There really is no good reason for prospective employers to insist you reveal your current salary (or past salaries) in order to be considered for hire. Any employer worth his/her salt knows that the salary offer should be based on a candidate’s value and reasonable market value of the position, completely independent of what their current or previous employers may have paid them.
It has unfortunately been my experience with a few executive clients that they take the high-impact executive resume we developed and send it out “bare” to a potential employer–without a customized cover letter. This comprises the first, and often fatal cover letter self-sabotage.
You just got the call and a prospective employer wants you to come on board! The very first thing to consider is whether the salary and compensation package are what you could reasonably expect and be happy with. The financial aspect is critical, because the most wonderful work environment, challenging and satisfying role, and great work culture are not worth much if you can’t live comfortably on your salary or are feeling resentful that you are underpaid from day one.
Did you know that a full 87 PERCENT of recruiters use LinkedIn to reach out to candidates? And that the vast majority of employers weigh your positive or negative presence in social media heavily in making hiring decisions?
Once you’ve got a dynamite executive resume together, the next step is to plan and start a comprehensive job search campaign. A truly effective campaign will utilize more than one resource…
LinkedIn is currently rolling out what is being called the “new desktop experience.” Every two years or so, LinkedIn makes significant changes to the design and content of its website. The latest update — launched in late 2016/early 2017 — is designed to align the LinkedIn desktop experience with what users of the LinkedIn mobile app have seen for quite some time.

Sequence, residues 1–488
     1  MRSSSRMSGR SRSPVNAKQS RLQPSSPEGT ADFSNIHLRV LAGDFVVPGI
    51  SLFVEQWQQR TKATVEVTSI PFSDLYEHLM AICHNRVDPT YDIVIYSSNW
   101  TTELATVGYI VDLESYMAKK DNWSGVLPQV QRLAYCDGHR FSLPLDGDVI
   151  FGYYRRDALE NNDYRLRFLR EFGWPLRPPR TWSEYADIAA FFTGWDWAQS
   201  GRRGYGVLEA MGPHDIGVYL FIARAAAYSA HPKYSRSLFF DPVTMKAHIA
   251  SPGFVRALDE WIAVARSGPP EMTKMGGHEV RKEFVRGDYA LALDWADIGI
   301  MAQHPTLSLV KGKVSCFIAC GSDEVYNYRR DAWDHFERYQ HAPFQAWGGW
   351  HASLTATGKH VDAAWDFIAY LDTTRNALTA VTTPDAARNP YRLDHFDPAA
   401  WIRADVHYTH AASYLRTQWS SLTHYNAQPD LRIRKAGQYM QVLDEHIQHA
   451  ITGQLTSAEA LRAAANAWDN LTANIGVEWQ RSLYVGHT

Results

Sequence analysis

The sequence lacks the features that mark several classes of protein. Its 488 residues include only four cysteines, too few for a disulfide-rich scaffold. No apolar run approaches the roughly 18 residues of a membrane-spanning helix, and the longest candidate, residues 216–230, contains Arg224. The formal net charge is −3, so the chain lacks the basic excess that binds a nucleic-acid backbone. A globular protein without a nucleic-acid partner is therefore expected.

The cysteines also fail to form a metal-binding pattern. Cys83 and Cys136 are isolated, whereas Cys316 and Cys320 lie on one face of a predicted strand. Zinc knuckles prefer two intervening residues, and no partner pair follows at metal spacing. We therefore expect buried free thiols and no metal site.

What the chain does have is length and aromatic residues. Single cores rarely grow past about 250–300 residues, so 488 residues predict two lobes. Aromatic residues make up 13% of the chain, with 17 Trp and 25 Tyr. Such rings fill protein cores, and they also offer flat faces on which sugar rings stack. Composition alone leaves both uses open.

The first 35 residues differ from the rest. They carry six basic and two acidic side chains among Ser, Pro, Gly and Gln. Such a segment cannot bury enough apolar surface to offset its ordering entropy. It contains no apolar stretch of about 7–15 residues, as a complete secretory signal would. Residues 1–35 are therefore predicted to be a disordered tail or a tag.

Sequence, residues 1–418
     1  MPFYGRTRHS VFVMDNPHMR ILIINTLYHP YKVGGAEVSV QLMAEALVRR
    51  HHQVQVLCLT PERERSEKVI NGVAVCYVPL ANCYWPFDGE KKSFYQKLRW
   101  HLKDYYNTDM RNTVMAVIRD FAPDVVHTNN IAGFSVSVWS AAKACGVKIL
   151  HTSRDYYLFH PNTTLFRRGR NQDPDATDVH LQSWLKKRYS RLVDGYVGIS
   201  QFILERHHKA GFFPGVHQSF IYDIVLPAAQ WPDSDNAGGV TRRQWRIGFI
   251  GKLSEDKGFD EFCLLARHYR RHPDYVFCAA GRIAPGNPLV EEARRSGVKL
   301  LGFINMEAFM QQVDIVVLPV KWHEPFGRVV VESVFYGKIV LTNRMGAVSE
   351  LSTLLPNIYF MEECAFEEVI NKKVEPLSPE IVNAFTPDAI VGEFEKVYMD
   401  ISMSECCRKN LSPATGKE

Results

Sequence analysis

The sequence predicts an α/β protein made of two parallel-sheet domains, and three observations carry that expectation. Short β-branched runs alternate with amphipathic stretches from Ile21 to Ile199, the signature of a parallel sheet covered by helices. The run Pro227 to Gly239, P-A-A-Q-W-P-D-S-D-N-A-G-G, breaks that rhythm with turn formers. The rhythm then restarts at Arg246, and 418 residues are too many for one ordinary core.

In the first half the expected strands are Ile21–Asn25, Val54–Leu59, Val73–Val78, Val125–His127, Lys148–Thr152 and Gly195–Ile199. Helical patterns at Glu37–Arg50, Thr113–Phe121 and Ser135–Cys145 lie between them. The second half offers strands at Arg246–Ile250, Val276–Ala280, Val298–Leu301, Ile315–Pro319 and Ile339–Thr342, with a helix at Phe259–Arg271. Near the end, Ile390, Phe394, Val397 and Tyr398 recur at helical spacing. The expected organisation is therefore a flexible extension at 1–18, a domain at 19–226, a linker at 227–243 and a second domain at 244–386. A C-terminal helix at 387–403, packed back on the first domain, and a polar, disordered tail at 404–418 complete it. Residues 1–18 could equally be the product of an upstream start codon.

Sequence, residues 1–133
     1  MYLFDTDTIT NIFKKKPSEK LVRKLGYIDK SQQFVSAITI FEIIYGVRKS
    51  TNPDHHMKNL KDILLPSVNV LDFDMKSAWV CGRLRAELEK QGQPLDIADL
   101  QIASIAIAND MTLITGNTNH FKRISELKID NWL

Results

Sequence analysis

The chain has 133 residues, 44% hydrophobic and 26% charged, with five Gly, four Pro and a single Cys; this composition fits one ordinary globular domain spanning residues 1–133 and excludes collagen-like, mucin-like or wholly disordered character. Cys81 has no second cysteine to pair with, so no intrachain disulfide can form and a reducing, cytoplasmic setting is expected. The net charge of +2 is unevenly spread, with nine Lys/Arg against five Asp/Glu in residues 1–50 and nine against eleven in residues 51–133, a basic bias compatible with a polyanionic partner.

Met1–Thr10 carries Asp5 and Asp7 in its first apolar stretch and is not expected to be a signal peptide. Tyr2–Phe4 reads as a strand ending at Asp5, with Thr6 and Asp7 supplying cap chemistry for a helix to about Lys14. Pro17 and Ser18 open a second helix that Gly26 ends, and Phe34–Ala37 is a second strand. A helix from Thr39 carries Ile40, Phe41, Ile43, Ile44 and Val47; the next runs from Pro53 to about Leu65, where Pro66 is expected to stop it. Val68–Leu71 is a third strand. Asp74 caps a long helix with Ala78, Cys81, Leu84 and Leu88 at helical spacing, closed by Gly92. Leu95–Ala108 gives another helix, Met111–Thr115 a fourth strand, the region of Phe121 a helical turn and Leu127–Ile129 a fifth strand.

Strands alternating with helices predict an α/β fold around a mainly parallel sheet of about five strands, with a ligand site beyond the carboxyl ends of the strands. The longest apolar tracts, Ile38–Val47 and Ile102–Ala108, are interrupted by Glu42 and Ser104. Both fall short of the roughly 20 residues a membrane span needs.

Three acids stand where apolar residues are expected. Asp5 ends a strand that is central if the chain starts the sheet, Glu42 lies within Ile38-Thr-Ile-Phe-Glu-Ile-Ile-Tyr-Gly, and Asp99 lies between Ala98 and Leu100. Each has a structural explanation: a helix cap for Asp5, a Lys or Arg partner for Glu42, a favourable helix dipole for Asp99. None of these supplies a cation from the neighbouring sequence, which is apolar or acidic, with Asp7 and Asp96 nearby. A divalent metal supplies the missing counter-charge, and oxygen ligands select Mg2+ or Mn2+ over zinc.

Ryan Roslansky, Vice President for Product at LinkedIn, said in a blog post in September 2016 that “this is the largest redesign since LinkedIn’s inception, and it’s the foundation for our future.”
Strategies regarding public profile visibility and whether to allow LinkedIn to publicize changes made and activities engaged in (such as acquiring new connections)… If currently employed and wary of your employer or colleagues becoming aware you may be looking, you may want to heavily restrict profile change and activity updates to your connections. If not currently employed or in a situation where everyone is aware you are looking anyway, you may want to leave all of your content and activities open to the world.
Jason Alba has a great blog (and a career management website called JibberJobber that is worth looking into as well). In reading his latest post “I Broke My Ankle. Lessons Learned…,” I was nodding yes for two reasons:
You’ve got an absolutely stunning executive resume and LinkedIn profile, have practiced your responses to the toughest interview questions, and have researched everything you can find about your target companies. But don’t forget how you look at that upcoming interview. It really is true: You never get a second chance to make a first impression.
There are many mistakes that are very easy to make in executive job search. Are you making any of these?